Welcome to practical physicsPracticle physics - practical activities designed for use in the classroom with 11 to 19 year olds
 

The motion of the Moon around the Earth

Class practical

This shows an everyday example of circular motion, the Moon going round the Earth.

Apparatus and materials

Chart showing the star pattern

Health & Safety and Technical notes


Read our standard health & safety guidance

 

Procedure


a Locate the Moon against the background pattern of stars. 

b Follow the Moon’s motion by observing its position relative to the stars at different times on the same night, and also at the same time on consecutive nights. 


Teaching notes


1 Questions to ask: Is the motion of the Moon around the Earth a natural motion? Is the Moon in equilibrium? Is any force needed to keep it going? Does the Earth attract or repel the Moon?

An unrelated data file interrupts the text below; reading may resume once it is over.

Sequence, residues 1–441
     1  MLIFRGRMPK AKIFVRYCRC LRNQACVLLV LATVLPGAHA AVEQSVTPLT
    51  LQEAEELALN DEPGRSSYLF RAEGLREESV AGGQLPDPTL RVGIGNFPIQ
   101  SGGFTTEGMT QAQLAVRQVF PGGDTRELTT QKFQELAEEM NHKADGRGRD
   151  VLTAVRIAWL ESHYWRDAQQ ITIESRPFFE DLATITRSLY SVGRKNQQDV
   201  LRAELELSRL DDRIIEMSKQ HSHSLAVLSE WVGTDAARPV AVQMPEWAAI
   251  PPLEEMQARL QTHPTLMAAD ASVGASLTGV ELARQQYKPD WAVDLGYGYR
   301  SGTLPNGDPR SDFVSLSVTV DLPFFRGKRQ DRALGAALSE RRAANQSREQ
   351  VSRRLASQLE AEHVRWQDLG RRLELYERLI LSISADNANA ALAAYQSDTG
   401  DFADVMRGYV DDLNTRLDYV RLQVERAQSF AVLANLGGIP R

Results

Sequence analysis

2 The speed of the Moon is constant but its direction of motion changes constantly, so the velocity is changing. The Moon is not in equilibrium; there must be a force to create this acceleration. The Earth gravitionally pulls the Moon inwards, and keeps it in a stable orbit. 
 
3 Newton’s third law says that the Moon must pull the Earth towards it. This could be linked to the tides, if this has been covered already.

 

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